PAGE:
## Project Details

### Description

Transformations of surfaces or hypersurfaces allow to construct new (families of) surfaces or hypersurfaces of the

same kind. For example, an isothermic surface admits a variety of transformations into new isothermic surfaces.

This concept of transformations is rather far-reaching: for example, the classical (local) Weierstrass representation

of minimal surfaces can be interpreted as a special case of the Goursat transformation for isothermic surfaces.

Thus transformations may not just serve to construct new examples or classes of examples of surfaces but may, in

some cases, serve to construct all surfaces of a certain class from simple initial data.

Singularities are, most generally, the bad points of a theory, that is, points at which the methods of the theory

fail. This already constitutes a strong motivation for their study, since it requires to extend the employed methods,

to reconsider the objects studied and hence motivates new viewpoints on the theory. Moreover, studying global

properties of (hyper-)surfaces, singularities are in many cases inevitable: famous examples are the Caratheodory

conjecture, that every (convex) sphere in Euclidean space has at least two umbilics (singularities of its curvature

line net), or Hilbert's theorem on the non-existence of smooth complete pseudospherical surfaces in Euclidean

space.

The principal aim of this project is to study the interplay between transformations and singularities. More

precisely:

-- we aim to understand the singularities in the transformation theories of isothermic and Guichard surfaces and of

conformally flat hypersurfaces, how their transformations behave (or fail to behave) at certain points; and

-- we aim to study how those transformations create (or annihilate) singularities of the transformed (hyper-

)surfaces, and what the nature of the occurring singularities is.

A good understanding of these two aspects of the interplay between transformations and singularities will

ultimately lead to global transformation theories and to natural (global) definitions or characterizations of the

studied (hyper-)surface classes.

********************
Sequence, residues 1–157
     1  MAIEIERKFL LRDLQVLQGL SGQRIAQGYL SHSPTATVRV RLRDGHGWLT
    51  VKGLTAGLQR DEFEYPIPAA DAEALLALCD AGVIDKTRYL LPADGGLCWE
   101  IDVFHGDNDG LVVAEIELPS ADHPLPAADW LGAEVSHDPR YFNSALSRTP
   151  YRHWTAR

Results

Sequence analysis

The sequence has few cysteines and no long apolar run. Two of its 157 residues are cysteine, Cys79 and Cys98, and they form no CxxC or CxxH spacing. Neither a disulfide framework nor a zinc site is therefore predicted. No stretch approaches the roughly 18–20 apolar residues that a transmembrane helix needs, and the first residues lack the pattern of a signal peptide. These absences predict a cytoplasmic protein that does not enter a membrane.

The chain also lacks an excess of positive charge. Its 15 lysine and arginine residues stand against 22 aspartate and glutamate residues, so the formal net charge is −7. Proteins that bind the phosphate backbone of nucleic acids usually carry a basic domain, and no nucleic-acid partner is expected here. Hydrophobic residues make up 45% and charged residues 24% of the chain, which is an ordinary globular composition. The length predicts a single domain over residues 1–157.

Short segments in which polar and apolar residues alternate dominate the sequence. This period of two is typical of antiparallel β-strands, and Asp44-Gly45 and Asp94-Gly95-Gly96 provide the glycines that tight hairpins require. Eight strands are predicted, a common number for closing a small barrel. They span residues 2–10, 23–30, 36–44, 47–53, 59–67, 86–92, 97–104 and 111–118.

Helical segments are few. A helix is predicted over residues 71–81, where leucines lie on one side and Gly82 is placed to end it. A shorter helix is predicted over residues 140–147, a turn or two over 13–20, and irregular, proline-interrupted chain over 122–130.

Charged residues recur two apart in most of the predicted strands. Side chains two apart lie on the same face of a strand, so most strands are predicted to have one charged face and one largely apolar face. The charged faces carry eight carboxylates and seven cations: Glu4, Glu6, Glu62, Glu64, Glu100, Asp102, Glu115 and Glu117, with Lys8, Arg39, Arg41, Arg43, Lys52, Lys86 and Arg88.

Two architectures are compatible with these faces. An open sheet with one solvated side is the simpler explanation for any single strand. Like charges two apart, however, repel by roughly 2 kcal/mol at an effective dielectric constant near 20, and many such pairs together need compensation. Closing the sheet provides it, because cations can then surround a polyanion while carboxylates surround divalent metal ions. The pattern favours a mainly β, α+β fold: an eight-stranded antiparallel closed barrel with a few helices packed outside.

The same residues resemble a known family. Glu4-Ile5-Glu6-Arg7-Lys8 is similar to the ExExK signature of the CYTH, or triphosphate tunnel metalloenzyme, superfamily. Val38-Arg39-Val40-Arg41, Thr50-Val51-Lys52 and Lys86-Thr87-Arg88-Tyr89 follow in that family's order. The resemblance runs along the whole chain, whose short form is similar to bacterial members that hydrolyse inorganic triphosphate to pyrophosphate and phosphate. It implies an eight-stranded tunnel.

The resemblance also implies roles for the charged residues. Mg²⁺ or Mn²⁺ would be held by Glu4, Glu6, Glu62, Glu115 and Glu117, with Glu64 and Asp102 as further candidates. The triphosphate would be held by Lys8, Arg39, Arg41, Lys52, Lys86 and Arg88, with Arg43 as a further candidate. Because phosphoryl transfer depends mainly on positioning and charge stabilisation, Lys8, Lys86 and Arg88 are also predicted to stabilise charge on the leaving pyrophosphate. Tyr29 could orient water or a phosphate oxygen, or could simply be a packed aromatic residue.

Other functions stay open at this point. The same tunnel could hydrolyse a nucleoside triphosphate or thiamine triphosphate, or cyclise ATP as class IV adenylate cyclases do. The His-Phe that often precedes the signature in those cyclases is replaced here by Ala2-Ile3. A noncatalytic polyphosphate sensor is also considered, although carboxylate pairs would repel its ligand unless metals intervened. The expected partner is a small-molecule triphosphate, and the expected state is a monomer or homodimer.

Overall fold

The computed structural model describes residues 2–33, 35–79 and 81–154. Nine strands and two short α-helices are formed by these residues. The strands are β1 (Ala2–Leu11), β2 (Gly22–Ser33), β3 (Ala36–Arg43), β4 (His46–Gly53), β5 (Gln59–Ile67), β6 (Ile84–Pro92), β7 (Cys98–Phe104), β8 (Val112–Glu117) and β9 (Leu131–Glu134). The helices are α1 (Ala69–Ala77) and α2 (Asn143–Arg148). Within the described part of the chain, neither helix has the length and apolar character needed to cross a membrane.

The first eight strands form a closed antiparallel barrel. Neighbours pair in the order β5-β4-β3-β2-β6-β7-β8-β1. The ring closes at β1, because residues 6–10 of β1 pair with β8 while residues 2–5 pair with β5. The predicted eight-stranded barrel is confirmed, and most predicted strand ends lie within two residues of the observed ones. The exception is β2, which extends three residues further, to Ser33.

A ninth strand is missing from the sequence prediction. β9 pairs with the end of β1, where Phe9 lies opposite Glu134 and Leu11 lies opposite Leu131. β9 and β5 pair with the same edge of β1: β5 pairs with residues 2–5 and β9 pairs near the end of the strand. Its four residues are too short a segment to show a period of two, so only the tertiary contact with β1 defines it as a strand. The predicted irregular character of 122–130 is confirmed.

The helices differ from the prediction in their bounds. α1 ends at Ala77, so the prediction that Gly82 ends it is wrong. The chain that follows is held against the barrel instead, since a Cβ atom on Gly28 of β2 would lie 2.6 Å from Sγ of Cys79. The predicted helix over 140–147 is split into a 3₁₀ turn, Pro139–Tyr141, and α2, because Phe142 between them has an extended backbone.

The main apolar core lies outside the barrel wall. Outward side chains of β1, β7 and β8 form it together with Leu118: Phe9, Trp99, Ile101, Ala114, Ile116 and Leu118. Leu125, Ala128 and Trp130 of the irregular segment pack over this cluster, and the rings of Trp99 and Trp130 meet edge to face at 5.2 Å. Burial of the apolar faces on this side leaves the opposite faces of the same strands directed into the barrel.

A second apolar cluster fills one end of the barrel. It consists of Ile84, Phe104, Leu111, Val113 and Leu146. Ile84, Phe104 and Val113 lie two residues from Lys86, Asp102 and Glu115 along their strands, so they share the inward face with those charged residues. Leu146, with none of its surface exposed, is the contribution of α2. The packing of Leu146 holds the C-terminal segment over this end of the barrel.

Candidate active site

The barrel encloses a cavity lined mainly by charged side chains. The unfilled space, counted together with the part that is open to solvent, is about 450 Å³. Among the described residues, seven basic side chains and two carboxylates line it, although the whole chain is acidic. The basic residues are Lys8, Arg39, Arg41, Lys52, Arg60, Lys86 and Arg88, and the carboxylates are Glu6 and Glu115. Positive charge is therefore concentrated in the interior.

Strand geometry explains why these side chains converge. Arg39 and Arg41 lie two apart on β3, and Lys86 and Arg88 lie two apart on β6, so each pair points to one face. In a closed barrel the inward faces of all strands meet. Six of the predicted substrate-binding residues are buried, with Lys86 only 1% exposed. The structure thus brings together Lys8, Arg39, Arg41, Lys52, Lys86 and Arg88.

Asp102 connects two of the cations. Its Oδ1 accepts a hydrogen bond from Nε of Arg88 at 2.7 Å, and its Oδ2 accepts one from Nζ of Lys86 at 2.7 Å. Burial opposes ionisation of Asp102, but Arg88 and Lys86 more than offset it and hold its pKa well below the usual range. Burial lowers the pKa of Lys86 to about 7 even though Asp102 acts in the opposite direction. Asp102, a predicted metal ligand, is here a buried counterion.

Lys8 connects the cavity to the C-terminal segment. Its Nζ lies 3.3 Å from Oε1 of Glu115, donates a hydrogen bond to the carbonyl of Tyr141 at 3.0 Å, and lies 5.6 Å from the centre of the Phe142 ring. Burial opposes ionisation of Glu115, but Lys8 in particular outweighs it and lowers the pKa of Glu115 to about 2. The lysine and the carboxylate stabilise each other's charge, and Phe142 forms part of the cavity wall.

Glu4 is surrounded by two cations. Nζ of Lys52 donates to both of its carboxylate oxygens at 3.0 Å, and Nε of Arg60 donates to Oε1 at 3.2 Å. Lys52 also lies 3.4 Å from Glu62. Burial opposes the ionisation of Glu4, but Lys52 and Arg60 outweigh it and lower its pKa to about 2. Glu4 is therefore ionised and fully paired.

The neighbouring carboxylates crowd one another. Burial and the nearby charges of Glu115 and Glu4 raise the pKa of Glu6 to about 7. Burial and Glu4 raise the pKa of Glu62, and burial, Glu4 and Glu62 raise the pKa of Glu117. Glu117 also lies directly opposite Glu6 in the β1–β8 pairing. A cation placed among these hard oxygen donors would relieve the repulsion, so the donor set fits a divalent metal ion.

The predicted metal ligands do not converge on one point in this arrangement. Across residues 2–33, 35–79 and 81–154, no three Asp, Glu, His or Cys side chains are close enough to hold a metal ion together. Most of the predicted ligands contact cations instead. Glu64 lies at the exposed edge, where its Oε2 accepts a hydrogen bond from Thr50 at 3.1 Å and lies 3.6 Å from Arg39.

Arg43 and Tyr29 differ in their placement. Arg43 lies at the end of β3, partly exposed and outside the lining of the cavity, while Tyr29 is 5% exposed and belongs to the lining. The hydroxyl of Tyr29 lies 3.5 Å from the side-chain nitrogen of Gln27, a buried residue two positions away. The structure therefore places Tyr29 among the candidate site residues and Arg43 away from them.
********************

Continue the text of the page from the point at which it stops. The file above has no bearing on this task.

The bilateral collaboration between groups in Japan and in Austria will be key to the success of this research

project. In particular, expertise in transformations of surfaces and the integrable systems approach to the relevant

classes of (hyper-)surfaces (Austria) and in singularities of surfaces and global surface theory (Japan) will be

essential for the project; and exchange of diverse viewpoints on discrete differential geometry in both countries will

greatly enrich the related aspects of the project. However, our strategy is to not only bring together experienced

experts in the areas relevant to the problems addressed, but to emphasize support of young researchers and PhD

students in order to create sustainable and long term research collaborations between research groups in Japan and

in Austria.

same kind. For example, an isothermic surface admits a variety of transformations into new isothermic surfaces.

This concept of transformations is rather far-reaching: for example, the classical (local) Weierstrass representation

of minimal surfaces can be interpreted as a special case of the Goursat transformation for isothermic surfaces.

Thus transformations may not just serve to construct new examples or classes of examples of surfaces but may, in

some cases, serve to construct all surfaces of a certain class from simple initial data.

Singularities are, most generally, the bad points of a theory, that is, points at which the methods of the theory

fail. This already constitutes a strong motivation for their study, since it requires to extend the employed methods,

to reconsider the objects studied and hence motivates new viewpoints on the theory. Moreover, studying global

properties of (hyper-)surfaces, singularities are in many cases inevitable: famous examples are the Caratheodory

conjecture, that every (convex) sphere in Euclidean space has at least two umbilics (singularities of its curvature

line net), or Hilbert's theorem on the non-existence of smooth complete pseudospherical surfaces in Euclidean

space.

The principal aim of this project is to study the interplay between transformations and singularities. More

precisely:

-- we aim to understand the singularities in the transformation theories of isothermic and Guichard surfaces and of

conformally flat hypersurfaces, how their transformations behave (or fail to behave) at certain points; and

-- we aim to study how those transformations create (or annihilate) singularities of the transformed (hyper-

)surfaces, and what the nature of the occurring singularities is.

A good understanding of these two aspects of the interplay between transformations and singularities will

ultimately lead to global transformation theories and to natural (global) definitions or characterizations of the

studied (hyper-)surface classes.

The bilateral collaboration between groups in Japan and in Austria will be key to the success of this research

project. In particular, expertise in transformations of surfaces and the integrable systems approach to the relevant

classes of (hyper-)surfaces (Austria) and in singularities of surfaces and global surface theory (Japan) will be

essential for the project; and exchange of diverse viewpoints on discrete differential geometry in both countries will

greatly enrich the related aspects of the project. However, our strategy is to not only bring together experienced

experts in the areas relevant to the problems addressed, but to emphasize support of young researchers and PhD

students in order to create sustainable and long term research collaborations between research groups in Japan and

in Austria.

Status | Finished |
---|---|

Effective start/end date | 1/07/14 → 31/12/18 |

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